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Advice for Operating as an Essential Business During the COVID-19 Crisis

April 10, 2020
By: Sherry D. Coley and Tiffany E. Woelfel

On March 24, 2020, in response to the growing COVID-19 crisis, Governor Evers directed the Department of Health Services to issue a Safer At Home Order, which closed all non-essential businesses and eliminated non-essential travel. For now, the Order is scheduled to last until April 24. However, with the uncertainty of the COVID-19 crisis, it may continue in some variation even after April 24. The only thing anyone can know for certain is that the Order and the COVID-19 crisis have radically changed how businesses operate.

As part of the Order, all non-essential businesses must be closed. Businesses are presumed to be non-essential unless they fall into one of the defined “essential business” categories in the Order. Broadly speaking, essential businesses are businesses that sell or offer the following types of goods or services: healthcare and public health; law enforcement, public safety, and other first responders; food and agriculture, including grocery stores and restaurants and bars offering to-go or delivery orders; energy; water and wastewater; transportation and logistics; public works and infrastructure; communications, like media, and information technology; community- or government-based operations; certain child care providers; organizations that provide charitable and social services; gas stations; financial and professional institutions; hardware and supply stores; critical trades, like plumbing and electricians; wedding, funeral, and religious entities; shipping and mail providers; laundry services;  businesses that provide supplies to work from home; hotels and motels; critical labor union functions; higher educational institutions; and manufacturing, distribution, and supply chain for critical products and industries and for other essential businesses. These are broad descriptions of the essential business categories. Businesses should consult the Order and additional guidance from the Wisconsin Economic Development Corporation for more specific descriptions.

There are steps that businesses can take to adapt to the COVID-19 crisis and the Order to allow them to maintain operations and continuity during these times. These steps include: being informed about essential business, being adaptable, and preparing for an employee testing positive.

First, businesses need to review the essential business definitions, and determine which definitions apply to your business and operations. A business may meet more than one category of essential business or only parts of a business may meet a category. Recently, more local law enforcement agencies have begun visiting businesses to review whether the business is truly essential. It is important to review your operations, goods, and services, as compared to the defined essential businesses so that you can articulate the grounds for remaining open and being considered essential. The Governor and the Department of Health Services continue to offer additional guidance about these definitions, so businesses must stay informed.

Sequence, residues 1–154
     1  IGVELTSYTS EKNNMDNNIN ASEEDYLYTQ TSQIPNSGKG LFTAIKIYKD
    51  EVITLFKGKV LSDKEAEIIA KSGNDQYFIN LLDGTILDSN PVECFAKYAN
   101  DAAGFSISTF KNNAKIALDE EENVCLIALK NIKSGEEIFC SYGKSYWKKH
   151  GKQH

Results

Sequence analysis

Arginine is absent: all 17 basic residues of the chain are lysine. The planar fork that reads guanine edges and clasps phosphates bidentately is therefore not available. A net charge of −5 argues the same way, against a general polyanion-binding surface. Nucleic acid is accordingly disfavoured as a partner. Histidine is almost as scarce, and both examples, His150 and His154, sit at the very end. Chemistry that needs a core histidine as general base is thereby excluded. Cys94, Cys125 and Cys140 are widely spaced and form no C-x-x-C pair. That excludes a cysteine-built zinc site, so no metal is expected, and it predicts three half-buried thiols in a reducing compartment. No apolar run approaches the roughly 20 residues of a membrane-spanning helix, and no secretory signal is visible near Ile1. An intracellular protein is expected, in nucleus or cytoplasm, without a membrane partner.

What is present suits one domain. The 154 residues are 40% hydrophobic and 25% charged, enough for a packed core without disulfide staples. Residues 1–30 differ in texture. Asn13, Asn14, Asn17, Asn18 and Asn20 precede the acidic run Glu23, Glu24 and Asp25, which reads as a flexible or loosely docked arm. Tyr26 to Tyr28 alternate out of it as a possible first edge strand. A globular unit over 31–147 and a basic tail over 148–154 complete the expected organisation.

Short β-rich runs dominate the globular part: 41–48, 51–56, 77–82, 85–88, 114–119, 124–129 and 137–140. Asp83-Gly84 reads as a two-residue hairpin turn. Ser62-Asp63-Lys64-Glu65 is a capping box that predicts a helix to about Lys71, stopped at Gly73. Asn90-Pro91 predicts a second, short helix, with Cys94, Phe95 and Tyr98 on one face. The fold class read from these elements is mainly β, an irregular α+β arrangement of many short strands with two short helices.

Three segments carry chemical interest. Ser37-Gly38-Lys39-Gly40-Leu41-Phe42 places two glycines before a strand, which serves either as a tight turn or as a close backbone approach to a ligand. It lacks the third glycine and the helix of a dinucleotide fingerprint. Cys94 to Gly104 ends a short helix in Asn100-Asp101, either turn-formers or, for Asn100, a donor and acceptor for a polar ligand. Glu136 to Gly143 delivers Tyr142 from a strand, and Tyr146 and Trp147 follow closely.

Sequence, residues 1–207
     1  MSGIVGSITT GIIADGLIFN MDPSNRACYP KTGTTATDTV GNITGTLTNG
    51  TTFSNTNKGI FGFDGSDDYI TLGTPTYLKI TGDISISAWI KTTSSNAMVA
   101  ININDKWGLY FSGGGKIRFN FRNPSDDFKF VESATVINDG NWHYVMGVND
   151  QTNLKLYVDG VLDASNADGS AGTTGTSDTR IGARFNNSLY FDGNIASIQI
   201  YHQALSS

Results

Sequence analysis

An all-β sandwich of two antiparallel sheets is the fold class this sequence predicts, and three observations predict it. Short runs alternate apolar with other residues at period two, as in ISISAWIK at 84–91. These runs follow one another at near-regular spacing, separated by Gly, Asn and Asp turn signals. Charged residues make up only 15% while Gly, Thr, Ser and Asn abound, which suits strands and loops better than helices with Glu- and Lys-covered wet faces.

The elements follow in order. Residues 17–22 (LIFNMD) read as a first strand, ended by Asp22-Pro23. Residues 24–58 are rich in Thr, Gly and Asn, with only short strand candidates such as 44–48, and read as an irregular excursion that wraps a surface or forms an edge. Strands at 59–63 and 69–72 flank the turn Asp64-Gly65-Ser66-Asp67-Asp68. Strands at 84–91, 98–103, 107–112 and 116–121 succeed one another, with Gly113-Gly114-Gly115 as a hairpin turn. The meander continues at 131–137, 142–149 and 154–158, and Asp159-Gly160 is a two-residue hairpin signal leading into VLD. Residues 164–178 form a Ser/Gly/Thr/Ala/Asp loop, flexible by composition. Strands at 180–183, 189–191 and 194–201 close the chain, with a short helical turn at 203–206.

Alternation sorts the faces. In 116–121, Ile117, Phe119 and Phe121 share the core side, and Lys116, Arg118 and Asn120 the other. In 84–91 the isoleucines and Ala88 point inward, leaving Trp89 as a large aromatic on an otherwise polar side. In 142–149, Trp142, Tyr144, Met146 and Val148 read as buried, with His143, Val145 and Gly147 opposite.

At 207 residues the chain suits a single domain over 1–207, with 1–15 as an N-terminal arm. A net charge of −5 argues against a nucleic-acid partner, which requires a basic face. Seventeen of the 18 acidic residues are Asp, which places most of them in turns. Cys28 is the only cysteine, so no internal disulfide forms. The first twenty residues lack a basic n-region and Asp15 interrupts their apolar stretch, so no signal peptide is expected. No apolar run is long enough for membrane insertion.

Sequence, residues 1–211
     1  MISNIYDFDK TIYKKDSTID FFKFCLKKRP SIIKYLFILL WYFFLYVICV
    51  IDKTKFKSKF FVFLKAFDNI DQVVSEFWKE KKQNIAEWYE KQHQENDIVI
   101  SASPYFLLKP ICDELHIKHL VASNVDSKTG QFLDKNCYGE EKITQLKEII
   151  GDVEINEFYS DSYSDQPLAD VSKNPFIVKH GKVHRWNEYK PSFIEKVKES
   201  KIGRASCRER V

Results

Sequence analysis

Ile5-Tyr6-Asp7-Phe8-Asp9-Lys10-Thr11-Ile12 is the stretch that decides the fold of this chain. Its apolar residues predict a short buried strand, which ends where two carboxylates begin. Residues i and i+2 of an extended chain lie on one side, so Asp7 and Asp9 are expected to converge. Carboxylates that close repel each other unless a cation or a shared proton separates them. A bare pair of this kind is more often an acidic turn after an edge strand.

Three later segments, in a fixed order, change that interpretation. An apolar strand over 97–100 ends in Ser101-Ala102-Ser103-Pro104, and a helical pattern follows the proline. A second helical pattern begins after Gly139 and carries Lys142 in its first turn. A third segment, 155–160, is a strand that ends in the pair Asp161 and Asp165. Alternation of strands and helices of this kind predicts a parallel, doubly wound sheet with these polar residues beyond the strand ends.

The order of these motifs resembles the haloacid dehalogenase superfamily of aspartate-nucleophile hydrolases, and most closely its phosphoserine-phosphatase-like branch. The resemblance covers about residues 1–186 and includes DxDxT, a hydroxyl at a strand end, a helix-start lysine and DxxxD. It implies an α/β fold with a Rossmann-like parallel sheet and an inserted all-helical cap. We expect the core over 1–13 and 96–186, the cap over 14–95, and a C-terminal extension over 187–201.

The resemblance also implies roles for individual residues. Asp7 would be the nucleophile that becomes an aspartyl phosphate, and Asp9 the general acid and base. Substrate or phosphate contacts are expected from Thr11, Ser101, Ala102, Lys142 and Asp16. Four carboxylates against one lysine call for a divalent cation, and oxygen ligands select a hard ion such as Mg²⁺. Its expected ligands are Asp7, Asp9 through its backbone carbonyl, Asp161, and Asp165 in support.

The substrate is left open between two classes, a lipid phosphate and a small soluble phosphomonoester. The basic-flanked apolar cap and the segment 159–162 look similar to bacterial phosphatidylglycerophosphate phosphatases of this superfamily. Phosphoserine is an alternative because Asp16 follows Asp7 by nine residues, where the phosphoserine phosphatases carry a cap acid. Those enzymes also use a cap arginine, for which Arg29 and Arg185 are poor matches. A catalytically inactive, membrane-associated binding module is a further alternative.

Moreover, if a business does not explicitly fall into one of the essential business categories, it can submit an application to the Wisconsin Economic Development Corporation to be designated as an essential business. Additionally, there are still essential minimum business activities that a business will be allowed to perform.

Second, businesses need to be adaptable. With the legal restrictions imposed by the Order and the physical restrictions that COVID-19 causes, businesses need to be adaptable in all facets of operation. This may mean businesses, offices, or factories may need to be reconfigured to ensure that people remain six-feet apart to maintain social distancing. It may also mean adapting processes so more individuals can work from home.

Additionally, businesses should think creatively in determining whether they can adapt the goods and services they provide to meet certain needs during this time. For example, some wineries and distilleries are converting their alcohol production to provide disinfectant products. Restaurants and bakeries are creating new products to offer families that are at home. Businesses, whose typical goods and services may not be considered essential, may be able to adapt their approach to provide goods that are essential.

Lastly, businesses need to be prepared for employees who may have been exposed to COVID-19. This includes creating a plan for disinfecting the office or business, if exposure occurs. Businesses should also establish a policy for addressing possible exposure, including requiring employees to self-quarantine if exposed. By being prepared for possible exposure you may be able to minimize the effects of exposure. This includes staggering shifts and having key decision-makers staggered across shifts. Therefore, if exposure does occur, a business doesn’t lose all of its employees or decision-makers to self-quarantine. Creating a policy before possible exposure occurs will allow you to limit and minimize the effects of exposure.

This is a rapidly changing time for all businesses. Staying informed, adapting, and preparing will help businesses succeed.

If you have any questions, please contact Attorney Sherry Coley at scoley@dkattorneys.com or 920-431-2239 or Attorney Tiffany Woelfel at twoelfel@dkattorneys.com or 920-431-2232.